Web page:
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4.3. Gamma-Ray Bursts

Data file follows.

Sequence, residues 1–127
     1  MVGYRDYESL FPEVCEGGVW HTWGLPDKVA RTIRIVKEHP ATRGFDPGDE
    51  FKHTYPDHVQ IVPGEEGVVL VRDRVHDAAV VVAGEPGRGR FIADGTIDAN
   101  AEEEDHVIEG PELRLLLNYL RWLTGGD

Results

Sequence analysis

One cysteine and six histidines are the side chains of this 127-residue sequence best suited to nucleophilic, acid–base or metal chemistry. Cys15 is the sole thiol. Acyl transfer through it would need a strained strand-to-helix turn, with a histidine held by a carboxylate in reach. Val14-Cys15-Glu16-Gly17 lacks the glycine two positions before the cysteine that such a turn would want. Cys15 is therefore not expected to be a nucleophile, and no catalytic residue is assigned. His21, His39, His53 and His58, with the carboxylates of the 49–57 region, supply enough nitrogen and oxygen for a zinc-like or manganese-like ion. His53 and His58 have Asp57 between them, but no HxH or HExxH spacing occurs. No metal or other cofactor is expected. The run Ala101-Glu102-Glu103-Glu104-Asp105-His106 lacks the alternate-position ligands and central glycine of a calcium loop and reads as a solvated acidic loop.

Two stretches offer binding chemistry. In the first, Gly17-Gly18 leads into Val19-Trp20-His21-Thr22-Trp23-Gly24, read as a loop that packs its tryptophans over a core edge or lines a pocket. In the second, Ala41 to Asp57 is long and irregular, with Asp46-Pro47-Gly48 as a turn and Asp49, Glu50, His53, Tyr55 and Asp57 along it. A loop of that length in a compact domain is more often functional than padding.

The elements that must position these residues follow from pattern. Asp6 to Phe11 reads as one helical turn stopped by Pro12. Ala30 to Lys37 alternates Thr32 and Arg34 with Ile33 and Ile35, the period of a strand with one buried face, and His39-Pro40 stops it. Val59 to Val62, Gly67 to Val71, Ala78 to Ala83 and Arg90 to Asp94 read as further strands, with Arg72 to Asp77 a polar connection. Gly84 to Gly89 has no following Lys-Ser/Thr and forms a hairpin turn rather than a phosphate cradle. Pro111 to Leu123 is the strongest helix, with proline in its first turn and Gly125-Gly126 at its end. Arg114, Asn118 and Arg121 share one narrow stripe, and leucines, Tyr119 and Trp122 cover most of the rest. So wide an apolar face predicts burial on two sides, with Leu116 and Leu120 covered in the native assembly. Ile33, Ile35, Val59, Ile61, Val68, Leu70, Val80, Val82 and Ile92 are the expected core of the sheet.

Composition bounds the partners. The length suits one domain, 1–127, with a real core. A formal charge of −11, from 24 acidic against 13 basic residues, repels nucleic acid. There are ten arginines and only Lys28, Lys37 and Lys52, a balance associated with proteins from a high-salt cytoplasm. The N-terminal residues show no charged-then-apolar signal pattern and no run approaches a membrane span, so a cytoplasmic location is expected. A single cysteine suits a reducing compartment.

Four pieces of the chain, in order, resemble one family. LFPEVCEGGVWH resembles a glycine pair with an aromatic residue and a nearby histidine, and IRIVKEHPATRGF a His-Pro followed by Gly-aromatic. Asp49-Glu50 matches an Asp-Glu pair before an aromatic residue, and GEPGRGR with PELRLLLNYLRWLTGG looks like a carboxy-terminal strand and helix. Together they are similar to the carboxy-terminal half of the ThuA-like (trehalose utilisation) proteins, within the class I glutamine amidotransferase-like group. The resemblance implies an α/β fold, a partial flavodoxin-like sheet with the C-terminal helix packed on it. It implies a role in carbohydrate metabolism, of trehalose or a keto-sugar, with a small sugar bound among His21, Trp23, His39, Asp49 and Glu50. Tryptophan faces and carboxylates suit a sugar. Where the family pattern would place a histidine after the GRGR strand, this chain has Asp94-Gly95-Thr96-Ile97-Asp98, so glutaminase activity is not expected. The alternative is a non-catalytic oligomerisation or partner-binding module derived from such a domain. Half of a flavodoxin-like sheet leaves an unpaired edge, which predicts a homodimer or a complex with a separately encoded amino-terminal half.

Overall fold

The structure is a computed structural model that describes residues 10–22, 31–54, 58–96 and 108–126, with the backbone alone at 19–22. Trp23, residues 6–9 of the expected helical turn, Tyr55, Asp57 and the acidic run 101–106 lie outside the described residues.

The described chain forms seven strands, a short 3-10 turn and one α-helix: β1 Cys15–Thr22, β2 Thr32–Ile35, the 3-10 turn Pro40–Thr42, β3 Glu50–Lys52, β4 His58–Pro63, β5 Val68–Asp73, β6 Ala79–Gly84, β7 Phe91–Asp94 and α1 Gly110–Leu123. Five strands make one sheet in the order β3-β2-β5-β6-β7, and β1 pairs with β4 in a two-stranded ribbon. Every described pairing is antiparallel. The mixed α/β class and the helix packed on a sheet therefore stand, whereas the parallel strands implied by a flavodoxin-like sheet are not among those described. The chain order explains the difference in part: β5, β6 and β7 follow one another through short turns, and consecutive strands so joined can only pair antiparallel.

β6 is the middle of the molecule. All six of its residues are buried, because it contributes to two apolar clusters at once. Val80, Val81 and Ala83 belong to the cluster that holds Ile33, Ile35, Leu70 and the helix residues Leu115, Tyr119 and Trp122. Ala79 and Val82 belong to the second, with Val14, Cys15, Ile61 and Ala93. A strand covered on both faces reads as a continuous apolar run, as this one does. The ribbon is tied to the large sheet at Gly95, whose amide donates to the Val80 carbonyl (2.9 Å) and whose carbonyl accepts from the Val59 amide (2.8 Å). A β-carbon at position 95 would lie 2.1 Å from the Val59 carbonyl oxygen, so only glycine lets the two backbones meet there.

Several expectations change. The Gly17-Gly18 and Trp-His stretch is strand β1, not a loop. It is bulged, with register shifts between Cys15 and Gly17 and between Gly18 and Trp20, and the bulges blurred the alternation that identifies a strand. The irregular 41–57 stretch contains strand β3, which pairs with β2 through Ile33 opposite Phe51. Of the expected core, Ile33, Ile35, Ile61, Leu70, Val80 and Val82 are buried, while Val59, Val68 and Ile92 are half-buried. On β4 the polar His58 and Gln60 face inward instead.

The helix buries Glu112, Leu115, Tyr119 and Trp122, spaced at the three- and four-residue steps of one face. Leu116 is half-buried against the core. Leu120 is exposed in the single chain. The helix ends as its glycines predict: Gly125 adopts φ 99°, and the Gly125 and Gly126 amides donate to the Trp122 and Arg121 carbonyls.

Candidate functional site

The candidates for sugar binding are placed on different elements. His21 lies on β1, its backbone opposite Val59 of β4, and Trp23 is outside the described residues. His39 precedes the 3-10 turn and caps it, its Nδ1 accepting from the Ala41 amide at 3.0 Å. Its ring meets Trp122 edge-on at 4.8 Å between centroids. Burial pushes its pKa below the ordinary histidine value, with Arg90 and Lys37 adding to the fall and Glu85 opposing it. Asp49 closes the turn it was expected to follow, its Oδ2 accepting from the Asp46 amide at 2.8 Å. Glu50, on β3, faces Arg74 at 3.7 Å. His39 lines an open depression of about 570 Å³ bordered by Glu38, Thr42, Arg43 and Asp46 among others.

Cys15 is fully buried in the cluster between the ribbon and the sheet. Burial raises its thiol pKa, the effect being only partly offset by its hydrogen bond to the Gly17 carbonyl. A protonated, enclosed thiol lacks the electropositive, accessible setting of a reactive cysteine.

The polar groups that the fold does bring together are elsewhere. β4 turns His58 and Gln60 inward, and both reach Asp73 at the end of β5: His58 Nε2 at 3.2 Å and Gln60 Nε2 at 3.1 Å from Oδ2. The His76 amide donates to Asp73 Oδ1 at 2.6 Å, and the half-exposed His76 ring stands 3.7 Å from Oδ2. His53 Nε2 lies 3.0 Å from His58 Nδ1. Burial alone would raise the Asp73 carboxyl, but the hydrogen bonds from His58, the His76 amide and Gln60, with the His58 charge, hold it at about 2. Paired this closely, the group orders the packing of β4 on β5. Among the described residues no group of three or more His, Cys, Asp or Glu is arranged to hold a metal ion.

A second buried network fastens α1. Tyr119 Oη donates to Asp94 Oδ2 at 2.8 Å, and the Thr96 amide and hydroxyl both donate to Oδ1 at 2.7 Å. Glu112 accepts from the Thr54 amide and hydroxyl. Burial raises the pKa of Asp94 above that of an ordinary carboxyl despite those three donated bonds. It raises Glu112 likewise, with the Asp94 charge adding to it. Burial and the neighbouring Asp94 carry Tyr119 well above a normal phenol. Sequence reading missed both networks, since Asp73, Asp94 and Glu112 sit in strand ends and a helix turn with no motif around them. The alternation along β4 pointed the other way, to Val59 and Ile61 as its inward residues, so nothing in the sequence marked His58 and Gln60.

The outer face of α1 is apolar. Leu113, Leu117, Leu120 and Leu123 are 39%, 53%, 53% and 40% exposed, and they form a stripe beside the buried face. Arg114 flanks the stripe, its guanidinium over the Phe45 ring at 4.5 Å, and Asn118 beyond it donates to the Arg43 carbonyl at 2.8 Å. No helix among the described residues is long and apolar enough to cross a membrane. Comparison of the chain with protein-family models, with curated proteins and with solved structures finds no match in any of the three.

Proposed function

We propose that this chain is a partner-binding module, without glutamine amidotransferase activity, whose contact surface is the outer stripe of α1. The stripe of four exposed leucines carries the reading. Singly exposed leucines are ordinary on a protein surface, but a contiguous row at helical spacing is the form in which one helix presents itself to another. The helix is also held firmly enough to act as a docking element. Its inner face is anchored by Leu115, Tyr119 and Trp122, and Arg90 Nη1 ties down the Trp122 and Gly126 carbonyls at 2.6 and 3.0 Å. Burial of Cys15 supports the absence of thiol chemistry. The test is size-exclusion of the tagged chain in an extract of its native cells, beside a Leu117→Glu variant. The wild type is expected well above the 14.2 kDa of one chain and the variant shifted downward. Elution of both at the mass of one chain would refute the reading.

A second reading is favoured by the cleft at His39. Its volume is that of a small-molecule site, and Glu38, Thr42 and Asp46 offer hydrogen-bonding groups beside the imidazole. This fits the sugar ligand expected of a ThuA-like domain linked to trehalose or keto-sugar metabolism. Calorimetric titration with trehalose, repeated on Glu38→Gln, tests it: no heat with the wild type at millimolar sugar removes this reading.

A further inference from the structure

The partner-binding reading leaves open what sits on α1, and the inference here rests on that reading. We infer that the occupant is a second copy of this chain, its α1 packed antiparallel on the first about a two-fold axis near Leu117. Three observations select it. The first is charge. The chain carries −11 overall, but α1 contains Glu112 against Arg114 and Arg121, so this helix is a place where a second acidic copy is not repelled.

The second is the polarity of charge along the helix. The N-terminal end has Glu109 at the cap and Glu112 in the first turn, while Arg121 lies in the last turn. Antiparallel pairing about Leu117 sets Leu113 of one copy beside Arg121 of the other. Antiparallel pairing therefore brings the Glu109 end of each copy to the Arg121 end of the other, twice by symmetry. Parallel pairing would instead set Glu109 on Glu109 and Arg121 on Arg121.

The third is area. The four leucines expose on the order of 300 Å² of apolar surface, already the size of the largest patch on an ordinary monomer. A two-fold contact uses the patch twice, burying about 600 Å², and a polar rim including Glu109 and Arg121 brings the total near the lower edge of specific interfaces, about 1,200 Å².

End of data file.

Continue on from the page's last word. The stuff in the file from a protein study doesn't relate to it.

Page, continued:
Although the gamma-ray burst phenomenon is usually associated with energies of 100 keV-1 MeV (hard X-rays to low-energy gamma-rays), results from EGRET show that there is a component at high energies, and thus the phenomenon has the potential to be observed in the TeV range. The power spectrum certainly peaks in the lower energy ranges, but the observations at high energies really provide the strongest constraints on the emission models and may ultimately expose the underlying emission mechanism. The detection of a single photon of energy 18 GeV from GRB 970217, 1.5 hours after the onset of the burst (Hurley et al. 1994), has opened the possibility of delayed emission of GeV-TeV photons (e.g., Totani 1998; Bottcher & Dermer 1998). Although ACITs have, to date, only presented upper limits (e.g., Connaughton et al. 1997), it is possible that in the near future wide field air shower detectors such as MILAGRO or the Tibet Air Shower Array might detect a prompt VHE emission component and rapid slew ACITs might do the same with greater sensitivity for any delayed emission.